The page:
The Truth About Drugs

ALCOHOL

Alcohol depresses your central nervous system (brain and spinal cord), lowers inhibitions1 and impairs judgment. Drinking large amounts can lead to a coma and even death. Mixing alcohol with medications or street drugs is extremely dangerous and can be fatal. Alcohol influences your brain and leads to a loss of coordination, slowed reflexes, distorted vision, memory lapses and blackouts. Teenage bodies are still growing and alcohol has a greater impact on young people’s physical and mental well-being than on older people.

Short-term Effects:

Photo credit: istockphoto.com/Lisa Young
Photo credit: istockphoto.com/Lisa Young

Feeling of warmth, flushed skin, impaired judgment, lack of coordination, slurred speech, memory and comprehension loss. Heavy drinking usually results in a “hangover,” headache, nausea, anxiety, weakness, shakiness and sometimes vomiting.

Long-term Effects:

Tolerance to many of the unpleasant effects of alcohol and a resulting ability to drink more. This leads to a deteriorating physical condition that can include liver damage and increases the risk of heart disease. A pregnant woman may give birth to a baby with defects that affect the baby’s heart, brain and other major organs. A person can become dependent on alcohol. If someone suddenly stops drinking, withdrawal symptoms may set in. They range from jumpiness, sleeplessness, sweating and poor appetite to convulsions and sometimes death. Alcohol abuse can also lead to violence and conflicts in one’s personal relationships.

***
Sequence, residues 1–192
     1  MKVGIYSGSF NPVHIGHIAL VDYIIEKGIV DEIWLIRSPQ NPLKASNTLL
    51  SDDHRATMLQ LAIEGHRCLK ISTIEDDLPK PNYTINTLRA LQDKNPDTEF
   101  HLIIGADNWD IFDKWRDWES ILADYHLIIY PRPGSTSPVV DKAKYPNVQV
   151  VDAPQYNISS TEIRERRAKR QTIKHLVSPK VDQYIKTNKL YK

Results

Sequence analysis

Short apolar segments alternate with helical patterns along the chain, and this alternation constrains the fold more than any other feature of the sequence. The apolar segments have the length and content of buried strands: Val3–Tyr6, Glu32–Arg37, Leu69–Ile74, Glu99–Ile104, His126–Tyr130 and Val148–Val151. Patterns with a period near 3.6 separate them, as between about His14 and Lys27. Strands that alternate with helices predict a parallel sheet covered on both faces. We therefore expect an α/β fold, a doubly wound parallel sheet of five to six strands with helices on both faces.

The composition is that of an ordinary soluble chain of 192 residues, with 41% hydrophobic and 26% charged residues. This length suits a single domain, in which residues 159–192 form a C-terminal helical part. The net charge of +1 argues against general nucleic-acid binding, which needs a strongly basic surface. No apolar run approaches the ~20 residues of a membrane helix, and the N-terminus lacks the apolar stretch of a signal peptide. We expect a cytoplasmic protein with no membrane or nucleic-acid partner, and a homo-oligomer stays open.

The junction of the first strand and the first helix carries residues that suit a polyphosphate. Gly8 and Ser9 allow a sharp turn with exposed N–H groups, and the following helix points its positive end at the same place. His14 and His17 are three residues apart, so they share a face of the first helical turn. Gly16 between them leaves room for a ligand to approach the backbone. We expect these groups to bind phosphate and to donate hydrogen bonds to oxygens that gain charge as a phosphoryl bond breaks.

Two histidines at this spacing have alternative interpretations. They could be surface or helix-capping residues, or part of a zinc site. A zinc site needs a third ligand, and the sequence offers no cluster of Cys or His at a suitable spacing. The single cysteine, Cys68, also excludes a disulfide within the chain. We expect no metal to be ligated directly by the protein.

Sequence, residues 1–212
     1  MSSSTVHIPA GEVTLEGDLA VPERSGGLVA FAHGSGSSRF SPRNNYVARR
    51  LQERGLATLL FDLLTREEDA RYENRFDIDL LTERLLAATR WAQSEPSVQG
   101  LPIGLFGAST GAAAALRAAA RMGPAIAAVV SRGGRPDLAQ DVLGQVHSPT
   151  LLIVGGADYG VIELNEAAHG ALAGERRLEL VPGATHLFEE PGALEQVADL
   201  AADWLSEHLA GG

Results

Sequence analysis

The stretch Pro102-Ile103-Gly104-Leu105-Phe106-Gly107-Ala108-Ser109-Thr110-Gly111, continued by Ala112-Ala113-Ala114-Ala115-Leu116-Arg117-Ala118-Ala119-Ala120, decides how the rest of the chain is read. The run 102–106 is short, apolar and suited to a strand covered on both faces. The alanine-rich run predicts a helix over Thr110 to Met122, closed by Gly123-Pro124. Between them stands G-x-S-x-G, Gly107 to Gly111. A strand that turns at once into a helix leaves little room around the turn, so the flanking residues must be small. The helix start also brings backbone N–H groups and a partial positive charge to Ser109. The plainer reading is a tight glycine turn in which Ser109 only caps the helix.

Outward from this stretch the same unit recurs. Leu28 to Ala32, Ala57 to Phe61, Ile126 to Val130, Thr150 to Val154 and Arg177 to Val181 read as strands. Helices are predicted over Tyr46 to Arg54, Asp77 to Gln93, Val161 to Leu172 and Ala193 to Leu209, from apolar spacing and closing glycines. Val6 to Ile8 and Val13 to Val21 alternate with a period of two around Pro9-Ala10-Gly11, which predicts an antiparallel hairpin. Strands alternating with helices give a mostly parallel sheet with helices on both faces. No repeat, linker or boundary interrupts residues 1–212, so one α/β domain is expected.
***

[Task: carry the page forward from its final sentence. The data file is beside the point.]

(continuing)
1. 1. inhibitions: ideas or rules that tend to stop a person from doing something.

REFERENCES


  1. European Monitoring Centre for Drugs and Drug Addiction, 2007 Annual Report
  2. “Drug Facts, Did You Know?” Drugs and the Environment, October 2004
  3. Results from the 2007 National Survey on Drug Use and Health: Fact Sheet.
  4. AlcoholScreening.org
  5. Office of National Drug Control Policy
  6. “New Initiative Harnesses Power of Teens, Parents to Stop Teen Drug Use,” Media Campaign, News Room, 29 January 2004
  7. Office of National Drug Control Policy, National Youth Anti-Drug Media Campaign, 3 October 2004
  8. “Help for Parents: Is Your Child Using Drugs? How to Find Out,” Partnership for a Drug-Free America, 12 October 2004
  9. Substance Abuse and Mental Health Services Administrations, U.S. Department of Health and Human Services
  10. UN Office of Drugs and Crime World Drug Report 2008
  11. European Monitoring Centre for Drugs and Drug Addiction Statistical Bulletin 2008
  12. “Treatment Episode Data Set (TEDS) Highlights—2006”
  13. “CDC Survey: As Many Teens Smoke Marijuana as Cigarettes, Cigarette Use Dropping Faster,” 5 June 2008